The Surprising Truth About Inventions
Man has come a long way from the time he lived in caves. From a helpless creature at the mercy of elements, today he is the master of the earth. This supremacy has come from the inventions man has developed over the years.
So if man takes pride for his inventiveness, that pride is well-deserved.
But are all these inventions really new?
Was man the first to use them?
The answer to both these questions is :
No, not in many instances.
Here is why:
Look at nature and it may surprise you that the principles behind many human inventions have been at work in a number of creatures ever since they appeared on the Earth.
Take for instance, the radar. Radar is a relatively recent invention in man’s history. It was first used during the World War II though work on a detection system which uses radio waves to determine the range, altitude, direction, or speed of objects was going on for many years.
But do you know that the radar has been in existence long before the man had even learned to use fire?
How Radar Works
The radar sends out or radio waves into the space. When these waves strike an object in their path, the beams are bounced back to the radar system which calculates that object’s distance, speed and direction.
The British were the first to use radars against Germany and must understandably have felt proud for their inventiveness.
But were the British the first to use the radar?
No, the radar is not new for nature.
The bat has been using this very system to find its way since it appeared on the Earth. Bats are nocturnal creatures. They come out in the dark only so the nature has equipped them with a very sensitive sonar system to cope with this disability.
As a bat goes out, it emits ultra-sonic pulses which are bounced back from the objects in its path. The bat’s brain instantly computes the type and distance of the object from the returning echo, enabling it to navigate collision free in the dark.
More than a navigational aid, the bat’s radar also helps it to find its prey.
Which Radar is Better- Natural or Man-made?
Now radars can detect not only oncoming enemy airplanes, but ships, spacecraft, guided missiles, motor vehicles, weather formations, and terrain with unfailing accuracy. Radar systems also help airplanes to land in foggy conditions when the visibility is near to zero.
If today’s radar is a highly sophisticated system indispensable for the modern time, this sophistication is a result of research and efforts of countless scientists over the years.
But the bat has always had a perfect radar system.
It is believed that ounce-for-ounce and watt-for-watt, the bat’s sonar system compares favorably with the most modern radar system devised by man. According to a report it is still not understood fully well how bats can distinguish between echoes bouncing off insects, another bat or a tree branch.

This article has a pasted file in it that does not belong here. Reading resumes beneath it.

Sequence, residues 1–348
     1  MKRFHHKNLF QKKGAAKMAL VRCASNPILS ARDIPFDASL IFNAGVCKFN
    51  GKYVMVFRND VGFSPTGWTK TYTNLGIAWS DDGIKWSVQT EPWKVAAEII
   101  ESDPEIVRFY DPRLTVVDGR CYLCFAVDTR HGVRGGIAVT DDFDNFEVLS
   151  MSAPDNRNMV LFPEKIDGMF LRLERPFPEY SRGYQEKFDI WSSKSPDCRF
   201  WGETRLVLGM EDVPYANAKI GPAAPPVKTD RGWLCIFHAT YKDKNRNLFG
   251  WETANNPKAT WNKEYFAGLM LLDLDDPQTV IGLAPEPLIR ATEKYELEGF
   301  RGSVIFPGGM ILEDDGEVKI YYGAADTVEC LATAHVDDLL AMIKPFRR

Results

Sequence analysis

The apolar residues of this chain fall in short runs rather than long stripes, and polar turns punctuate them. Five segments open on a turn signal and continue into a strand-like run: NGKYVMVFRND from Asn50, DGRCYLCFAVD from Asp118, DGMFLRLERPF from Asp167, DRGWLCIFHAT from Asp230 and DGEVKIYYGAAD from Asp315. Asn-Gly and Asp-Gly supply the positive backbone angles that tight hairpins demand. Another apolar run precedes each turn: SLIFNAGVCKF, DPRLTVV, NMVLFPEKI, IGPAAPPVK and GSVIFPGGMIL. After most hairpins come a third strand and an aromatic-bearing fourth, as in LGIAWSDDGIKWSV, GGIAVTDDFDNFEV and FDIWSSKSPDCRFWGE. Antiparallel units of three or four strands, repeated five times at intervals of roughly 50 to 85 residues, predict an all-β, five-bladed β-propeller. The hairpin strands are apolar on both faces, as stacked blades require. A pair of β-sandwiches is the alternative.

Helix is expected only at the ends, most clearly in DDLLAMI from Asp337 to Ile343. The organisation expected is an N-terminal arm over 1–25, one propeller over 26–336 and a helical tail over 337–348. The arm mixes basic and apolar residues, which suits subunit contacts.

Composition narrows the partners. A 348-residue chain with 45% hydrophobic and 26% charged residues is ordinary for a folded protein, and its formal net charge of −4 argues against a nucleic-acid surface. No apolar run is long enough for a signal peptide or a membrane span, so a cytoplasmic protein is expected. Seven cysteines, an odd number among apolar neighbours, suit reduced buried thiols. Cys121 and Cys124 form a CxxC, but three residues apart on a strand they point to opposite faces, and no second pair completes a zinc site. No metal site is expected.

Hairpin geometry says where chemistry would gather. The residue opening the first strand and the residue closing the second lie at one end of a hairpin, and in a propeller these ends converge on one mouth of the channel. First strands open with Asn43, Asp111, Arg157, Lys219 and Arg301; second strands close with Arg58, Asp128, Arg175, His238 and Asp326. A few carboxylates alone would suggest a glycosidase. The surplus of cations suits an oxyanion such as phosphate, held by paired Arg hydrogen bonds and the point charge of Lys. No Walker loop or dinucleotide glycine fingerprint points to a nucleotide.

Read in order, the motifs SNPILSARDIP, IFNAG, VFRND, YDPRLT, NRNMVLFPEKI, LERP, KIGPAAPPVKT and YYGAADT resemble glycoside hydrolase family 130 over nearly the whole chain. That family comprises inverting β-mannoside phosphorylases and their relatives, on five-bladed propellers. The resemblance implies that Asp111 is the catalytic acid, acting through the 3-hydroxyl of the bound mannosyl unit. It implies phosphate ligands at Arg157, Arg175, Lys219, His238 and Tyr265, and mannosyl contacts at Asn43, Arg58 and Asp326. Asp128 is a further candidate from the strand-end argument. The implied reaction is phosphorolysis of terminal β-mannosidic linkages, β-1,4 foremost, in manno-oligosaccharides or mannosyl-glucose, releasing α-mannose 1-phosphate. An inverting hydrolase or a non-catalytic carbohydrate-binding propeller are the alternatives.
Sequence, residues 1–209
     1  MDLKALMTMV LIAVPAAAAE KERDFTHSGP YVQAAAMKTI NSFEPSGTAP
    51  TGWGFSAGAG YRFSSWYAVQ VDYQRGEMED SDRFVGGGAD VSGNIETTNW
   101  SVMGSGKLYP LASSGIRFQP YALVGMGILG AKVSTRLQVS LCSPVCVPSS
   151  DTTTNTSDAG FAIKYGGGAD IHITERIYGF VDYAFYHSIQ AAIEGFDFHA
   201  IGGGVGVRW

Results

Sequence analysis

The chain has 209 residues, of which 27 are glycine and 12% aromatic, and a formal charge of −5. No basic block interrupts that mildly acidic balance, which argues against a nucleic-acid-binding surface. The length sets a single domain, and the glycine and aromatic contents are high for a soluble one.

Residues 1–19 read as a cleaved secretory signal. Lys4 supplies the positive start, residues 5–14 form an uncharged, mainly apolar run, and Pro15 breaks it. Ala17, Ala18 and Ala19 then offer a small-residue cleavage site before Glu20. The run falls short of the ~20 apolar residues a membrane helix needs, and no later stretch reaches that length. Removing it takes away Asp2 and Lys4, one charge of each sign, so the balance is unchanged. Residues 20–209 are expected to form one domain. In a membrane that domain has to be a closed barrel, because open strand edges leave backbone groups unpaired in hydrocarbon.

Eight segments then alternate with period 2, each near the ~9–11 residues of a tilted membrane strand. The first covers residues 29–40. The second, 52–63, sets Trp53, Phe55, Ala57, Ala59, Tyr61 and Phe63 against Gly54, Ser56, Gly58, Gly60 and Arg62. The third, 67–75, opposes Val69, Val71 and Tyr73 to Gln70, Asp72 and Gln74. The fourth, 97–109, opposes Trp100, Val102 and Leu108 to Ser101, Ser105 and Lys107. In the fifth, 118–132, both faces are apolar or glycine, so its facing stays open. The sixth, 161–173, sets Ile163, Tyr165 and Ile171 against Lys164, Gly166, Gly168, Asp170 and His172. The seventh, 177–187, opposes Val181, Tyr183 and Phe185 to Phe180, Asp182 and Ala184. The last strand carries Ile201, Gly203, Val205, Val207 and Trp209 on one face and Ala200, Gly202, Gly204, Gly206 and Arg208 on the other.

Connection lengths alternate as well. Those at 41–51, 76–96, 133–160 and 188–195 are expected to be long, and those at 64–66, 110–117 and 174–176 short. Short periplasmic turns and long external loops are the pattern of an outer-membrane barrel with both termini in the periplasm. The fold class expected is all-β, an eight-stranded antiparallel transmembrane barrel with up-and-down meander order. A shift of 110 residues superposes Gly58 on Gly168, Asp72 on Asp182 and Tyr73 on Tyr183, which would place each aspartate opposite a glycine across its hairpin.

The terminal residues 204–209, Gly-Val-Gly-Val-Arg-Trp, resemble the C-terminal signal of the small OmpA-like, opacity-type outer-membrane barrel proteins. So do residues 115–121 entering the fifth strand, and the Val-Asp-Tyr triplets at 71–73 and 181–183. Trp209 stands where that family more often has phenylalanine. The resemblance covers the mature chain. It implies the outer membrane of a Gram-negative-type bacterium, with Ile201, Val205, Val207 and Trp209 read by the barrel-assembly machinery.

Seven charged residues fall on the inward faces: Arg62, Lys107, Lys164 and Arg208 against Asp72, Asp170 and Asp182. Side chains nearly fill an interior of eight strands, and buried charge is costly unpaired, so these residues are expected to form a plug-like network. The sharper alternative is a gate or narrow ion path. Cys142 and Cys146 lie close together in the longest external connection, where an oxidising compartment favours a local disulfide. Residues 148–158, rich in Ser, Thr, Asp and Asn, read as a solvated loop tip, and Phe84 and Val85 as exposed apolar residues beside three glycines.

Othre radar-using creatures
The bat is not the only creature using radar like system to go about their way in zero visibility. There are others also. To name a few, the cockroach, electric eel and pit viper use similar wave-detection systems to go around their way, protect themselves or catch their prey.
By the way beware of the electric-eel. As its name implies, it discharges large amounts of electric shocks to kill its prey. This electric discharge can go up to 500 volts enough to be lethal to human beings also.
Now who said that energy-directed weapons are new?
But why take radar only?
Many other modern inventions also are not new to the natural world
Here are just two instances:
Since it appeared on the earth, the spider has been building intricate webs which it uses much like our telegraph system.
Woe to the unfortunate insect which lands on the fine strands of a spider’s web.
The fine strands not only enmesh the insect but also set off vibrations to “telegraph” the spider that it has its meal waiting.
Honeybees in search of nectar from flowers fly long distances, often changing directions on the way. But they never lose their way to return to their beehive.
First they can keep track of the landmarks near the beehive. Then the bees are able to guide themselves by the sun and the direction of the polarized light which is invisible to the human eye. This requires yet another ability - an internal clock - to compensate for the movement of the sun during the time they go out and come back.
Add to this the faculty of bees to distinguish between the scents of different bee families. This sense helps them return home by the whiffs of the scent which is exuded by bees staying at home to guide their foraging sisters to get back to the beehive. .
This complex navigation system of bees is as good as if not better than any GPS (Global Positioning System) devices man has started using quite recently.
So what is new under the Sun?